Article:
Wednesday, February 10, 2010

Taking Stock, part deux

I hope you enjoy the titles of my posts as much as I do. They are chosen because they make me smirk; really hope you get a smile or two out of this blog.

On to the chicken carcass that was chillin' in my fridge on Saturday.

There are actual stock recipes. If you google stock, or check out your favorite how-to cookbook (mine being my old Joy of Cooking), you are bound to find several. They usually call for vegetable scraps or fresh veggies or a bouquet garni of some sort to help flavor the stock. They'll call for a specific amount of bone/carcass to water/veggies. The first time I attempted stock, I found this very helpful. But here's the thing, people have been drawing nutrients for stock for a long time, and did so without recipes.

Basically, what I've taken from the recipes is :
- older chickens tend to have more flavor
- the carcass needs to be completely covered (with usually an inch or so to spare) with water
- veggies can be used to flavor
- you do need to bring it to a boil
- you need to simmer for at least an hour or two
- lid should be set on the pot, slightly ajar, for majority of simmering time
- and skimming the scum is very helpful.

What this means is that my process for stock making is generally:
- place carcass in stock and cover with water
- set to boil
- let boil for a while, check on it
- reduce heat to simmer
- set lid on pot, slightly ajar
- check on it
- go away, read a book, watch some tv
- check on it
- skim the stock
- repeat
When the liquid has reduced (and if I don't feel like adding more), and has gained a color resembling stock, I remove it from the stove. Then, I take out the bones (and anything that was added, like onion or bouquet garni), and divide the stock amongst my storage containers. Washed pasta sauce jars work very nicely. Let it all cool on the counter, and then stick in your fridge. Be sure to rotate any stock still in your fridge to the "top," or where ever you will be able to use it before the new stock.

Because I generally don't add veggies to my stock as it simmers (because I don't often have them on hand), in all honesty, my stock is rather bland. I can see the fat in it, though, and it is more flavorful than plain water.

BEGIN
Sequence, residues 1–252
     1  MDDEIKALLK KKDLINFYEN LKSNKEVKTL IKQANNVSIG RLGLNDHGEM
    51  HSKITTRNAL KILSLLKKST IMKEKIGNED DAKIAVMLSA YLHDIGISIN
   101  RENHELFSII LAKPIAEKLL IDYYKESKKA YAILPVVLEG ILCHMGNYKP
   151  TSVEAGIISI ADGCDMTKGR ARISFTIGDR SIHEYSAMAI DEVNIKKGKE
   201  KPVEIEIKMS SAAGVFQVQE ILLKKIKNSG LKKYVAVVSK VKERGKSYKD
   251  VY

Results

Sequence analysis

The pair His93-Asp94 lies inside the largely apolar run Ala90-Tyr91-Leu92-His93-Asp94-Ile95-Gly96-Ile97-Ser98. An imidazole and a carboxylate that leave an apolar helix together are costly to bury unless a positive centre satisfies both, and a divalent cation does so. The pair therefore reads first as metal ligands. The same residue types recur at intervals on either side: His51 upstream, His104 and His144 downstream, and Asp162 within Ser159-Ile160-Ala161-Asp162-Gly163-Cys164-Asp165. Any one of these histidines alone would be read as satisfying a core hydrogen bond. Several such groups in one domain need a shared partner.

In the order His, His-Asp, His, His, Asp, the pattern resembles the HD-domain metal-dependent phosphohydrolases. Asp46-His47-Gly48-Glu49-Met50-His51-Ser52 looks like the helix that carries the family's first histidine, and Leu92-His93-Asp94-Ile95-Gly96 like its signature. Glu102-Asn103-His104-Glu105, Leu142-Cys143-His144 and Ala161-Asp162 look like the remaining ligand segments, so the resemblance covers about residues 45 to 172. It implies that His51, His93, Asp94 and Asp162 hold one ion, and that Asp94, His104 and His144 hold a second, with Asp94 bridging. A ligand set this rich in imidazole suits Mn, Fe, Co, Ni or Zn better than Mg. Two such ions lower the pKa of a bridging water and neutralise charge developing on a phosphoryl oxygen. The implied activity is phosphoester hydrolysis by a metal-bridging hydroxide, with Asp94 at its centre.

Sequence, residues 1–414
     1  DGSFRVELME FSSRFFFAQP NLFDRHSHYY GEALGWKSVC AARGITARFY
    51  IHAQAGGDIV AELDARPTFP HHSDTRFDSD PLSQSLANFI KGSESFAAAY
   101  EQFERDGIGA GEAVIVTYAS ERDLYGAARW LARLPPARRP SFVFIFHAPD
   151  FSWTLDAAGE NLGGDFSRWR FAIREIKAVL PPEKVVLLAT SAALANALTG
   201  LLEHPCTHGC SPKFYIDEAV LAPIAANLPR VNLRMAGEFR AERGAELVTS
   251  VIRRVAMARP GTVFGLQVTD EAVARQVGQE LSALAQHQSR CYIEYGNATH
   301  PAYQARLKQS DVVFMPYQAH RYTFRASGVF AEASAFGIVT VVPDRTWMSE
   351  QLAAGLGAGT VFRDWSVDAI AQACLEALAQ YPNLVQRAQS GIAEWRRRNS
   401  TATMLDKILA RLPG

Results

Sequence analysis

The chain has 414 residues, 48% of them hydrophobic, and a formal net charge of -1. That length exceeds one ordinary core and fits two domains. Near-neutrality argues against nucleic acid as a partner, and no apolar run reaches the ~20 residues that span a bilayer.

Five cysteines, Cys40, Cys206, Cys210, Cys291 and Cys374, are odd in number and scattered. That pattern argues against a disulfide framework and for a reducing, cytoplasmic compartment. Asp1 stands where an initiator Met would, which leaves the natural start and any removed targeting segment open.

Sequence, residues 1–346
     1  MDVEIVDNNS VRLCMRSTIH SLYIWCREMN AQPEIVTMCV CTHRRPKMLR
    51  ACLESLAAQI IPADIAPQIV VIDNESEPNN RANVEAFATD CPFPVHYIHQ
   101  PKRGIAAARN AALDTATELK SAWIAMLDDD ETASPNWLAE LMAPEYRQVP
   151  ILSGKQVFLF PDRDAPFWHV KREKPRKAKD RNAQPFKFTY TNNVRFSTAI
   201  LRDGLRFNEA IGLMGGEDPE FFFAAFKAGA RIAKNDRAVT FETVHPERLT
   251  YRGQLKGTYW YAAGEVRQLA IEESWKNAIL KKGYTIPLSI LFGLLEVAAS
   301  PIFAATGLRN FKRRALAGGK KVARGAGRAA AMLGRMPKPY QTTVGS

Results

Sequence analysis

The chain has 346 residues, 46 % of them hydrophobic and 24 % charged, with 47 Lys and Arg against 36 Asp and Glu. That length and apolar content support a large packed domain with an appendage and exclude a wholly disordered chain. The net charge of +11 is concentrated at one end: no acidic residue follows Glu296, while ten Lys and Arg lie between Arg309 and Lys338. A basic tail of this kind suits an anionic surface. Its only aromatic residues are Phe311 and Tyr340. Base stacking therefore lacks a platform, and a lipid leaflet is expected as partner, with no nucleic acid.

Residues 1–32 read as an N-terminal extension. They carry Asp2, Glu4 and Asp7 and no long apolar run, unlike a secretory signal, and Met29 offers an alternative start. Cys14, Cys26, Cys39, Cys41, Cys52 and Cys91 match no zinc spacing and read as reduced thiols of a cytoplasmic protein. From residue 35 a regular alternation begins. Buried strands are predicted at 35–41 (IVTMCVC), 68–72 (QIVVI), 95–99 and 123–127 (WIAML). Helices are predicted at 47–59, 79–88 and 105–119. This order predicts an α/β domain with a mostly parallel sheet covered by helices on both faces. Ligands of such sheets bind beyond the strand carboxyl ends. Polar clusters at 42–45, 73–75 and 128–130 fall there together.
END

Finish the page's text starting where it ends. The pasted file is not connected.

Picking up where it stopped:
In case you are curious at all, here are some photos of my freezer:
1. See the tower of stock containers, a bag of frozen veggies, and to the right, the larger containers of soup
2. The plastic bag is wrapped around an old pasta sauce jar of new stock, as a precaution, in reality, this is sitting in front of the tower of stock. The lime sherbert container is actually soup. You can also see my ice trays and DIY ice bucket.

Making your own stock is a relatively easy process that requires very little attention on your part, once the pot is simmering. Have you made your own stock before? Do you do it on a regular basis? If so, do you follow a recipe or add flavoring to it? If not, feel like giving it a go?

4 comments:

Margaret said...

I'm interested in your poll requesting views on how you would drive 1400 miles on a business trip. I'm sure it's a cultural thing and I know we have, comparatively, better public transport in the UK but there is no way I would drive 1400 miles in the first place. How would you do this trip if you couldn't drive it at all, like my brother who has epilepsy or my other brother who has chosen not to learn (both in their 40's)? If I had to do this trip I would choose the train firstly and then coach or bus. I can and do drive but only locally. 15 miles to work (when I don't have a broken leg) at night (no public transport then) but a bus in the daytime or going to see my equally rural friends.

Your poll needs some more options!

swiggett said...

Margaret - I've done similar trips in the past, and have flown/used ground transport. For this trip, I am basically making a circuit of three colleges/universities. I'm driving because all of the legs by themselves (3 or 6 hours) are not bad to drive. It is also spread out over several days. No chugging coffee or No Doz to stay awake.

If I didn't drive, this trip probably wouldn't be made. It is essentially taking advantage connections I have at my alma mater and other places to recruit for our summer program. I suppose that I could fly to each of these places (except one is a good 50 miles from the nearest major city), but it is more cost effective for the university to have me drive.

I'm going to have to re-work my poll. Thanks for the input!

Cam said...

My friend Christina will do something like your multi-legged trip. She flies into Chicago then rents a car and drives to city 1 then 2 then 3 and flies out from there. Not sure that comment really helped you...

I'd rent to protect your car from wear and tear.

Cam said...

I've made stock, sans veggies. I usually store it in tupperware. I'll also put some of it in the ice cube tray for easy use later.

I like your idea about using the sauce jar.